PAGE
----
In this second post of my three-part series, I will introduce you to the Path Analyzer capability in Sitecore, which allows you to follow individual user paths on your site.
As with all posts in this series, I will explain the following related to Path Analyzer:
- What is it? – A description of the functionality.
- What can it do? – A scenario showing how the feature can be used by a relationship-based business like yours.
- What can you do? – Suggested activities you can do to lay the foundation for gaining the most from the functionality.
Imagine that you are walking along a paved road in a park when you see a path that was not initially intended. It cuts a corner, and was obviously formed by multiple visitors who wanted a more efficient way to get around.
This is often referred to as a “desire path.” In the world of user experience, this term is used to describe cases when users overcome limitations by creating their own shortcuts to achieve their desired goals. A good example is the use of hashtags and @ mentions on Twitter. Both were developed based on user needs and Twitter eventually “paved” them into standard features.
Analyzing user paths is something that web strategists tend to find very useful. They often reveal how traffic is flowing across a digital property and whether or not visitors are using designed navigational paths as intended. For this reason, I’m excited to introduce you to a brand new feature in Sitecore called Path Analyzer. While you may have seen or utilized the “User Flow” feature in Google Analytics, this functionality provides a much richer, more intuitive way to visualize user paths.
Introduction - Determining Desired User Paths
While the Path Analyzer functionality is quite compelling, you are likely hard-pressed to find explanations of ways it can be used by a relationship-based business such as yours. For companies selling individual products to consumers in a transactional way, it’s not difficult to imagine what paths you’d want users to go take (Hint: They involve any path that leads to a full shopping cart and, ultimately, a purchase.). You are likely asking yourself: “What do desired paths look like for a website like mine, which is aimed at selling intangible things like expertise, ideas and ongoing services?”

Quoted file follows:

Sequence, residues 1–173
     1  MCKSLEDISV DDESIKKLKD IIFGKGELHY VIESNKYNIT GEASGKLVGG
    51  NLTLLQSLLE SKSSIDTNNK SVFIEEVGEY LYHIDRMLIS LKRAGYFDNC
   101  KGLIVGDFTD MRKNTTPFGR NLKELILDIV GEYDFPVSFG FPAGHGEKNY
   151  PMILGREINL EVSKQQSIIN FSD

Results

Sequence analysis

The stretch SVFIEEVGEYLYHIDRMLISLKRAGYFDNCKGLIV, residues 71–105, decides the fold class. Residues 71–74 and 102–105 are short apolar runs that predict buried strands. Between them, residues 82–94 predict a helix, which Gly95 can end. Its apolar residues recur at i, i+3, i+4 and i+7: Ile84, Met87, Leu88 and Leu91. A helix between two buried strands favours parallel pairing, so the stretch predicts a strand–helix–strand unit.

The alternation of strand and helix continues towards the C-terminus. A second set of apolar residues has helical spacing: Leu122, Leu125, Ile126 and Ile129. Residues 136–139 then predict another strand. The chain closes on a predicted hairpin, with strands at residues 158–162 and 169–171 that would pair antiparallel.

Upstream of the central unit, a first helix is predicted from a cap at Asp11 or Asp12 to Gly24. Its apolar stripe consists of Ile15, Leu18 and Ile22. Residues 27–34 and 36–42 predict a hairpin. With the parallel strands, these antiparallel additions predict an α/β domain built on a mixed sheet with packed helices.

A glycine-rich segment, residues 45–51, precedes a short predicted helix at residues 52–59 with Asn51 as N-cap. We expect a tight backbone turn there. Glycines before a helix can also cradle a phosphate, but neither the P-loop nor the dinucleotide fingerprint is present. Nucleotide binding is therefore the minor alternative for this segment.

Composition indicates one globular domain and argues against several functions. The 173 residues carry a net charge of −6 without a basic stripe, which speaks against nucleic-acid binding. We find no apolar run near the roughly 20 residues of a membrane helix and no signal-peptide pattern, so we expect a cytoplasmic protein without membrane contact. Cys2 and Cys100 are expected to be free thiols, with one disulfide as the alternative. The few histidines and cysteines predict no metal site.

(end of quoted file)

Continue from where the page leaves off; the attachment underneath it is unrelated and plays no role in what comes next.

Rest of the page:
Since the sales for your business primarily happen off-line, defining desired paths for your audiences is more of an art than a science. It’s important to get creative and evaluate what content and actions truly get your audiences closer to making a decision to partner with your organization. In the next sections, I will break down the Path Analyzer tool to help you envision how you might use this new feature.
What is it?
Path Analyzer is an app in Sitecore version 8 that lets you create a map showing how users travel through your site. It allows you to see paths on the aggregated level (showing which are most and least commonly used), as well as on the individual level (showing the path of a specific user).
Path Analyzer maps contain the following visual components:
- Rings: These represent each step the user has taken. The user starts their journey in the middle and then moves outward.
- Nodes: On each ring, there are nodes representing different pages that are visited by users. You can click on a node to get a more detailed view into where users are coming from when they access the page, and also where they are going after viewing the page.
- Color: Each node is assigned a color. The color represents how much you want visitors to go to the page. If the node is colored green, it means you find that page to be very valuable. If the node is on the red side, you consider that page to be lower value content.
- Connectors: Connectors represent movement from one page to another.
- Thickness: The thickness of the connecting lines represents how frequently users have taken a particular path.
You can customize your view in different ways, but the most basic is to see the total number of visitors within a certain time period.
What can it do?
Setting a Digital Goal
Imagine that your team has done some user research and discovered the importance of email communications to your prospective clients. You find that for the busiest decision-makers, email is the best way to get in front of them and to prove your level of expertise on an ongoing basis.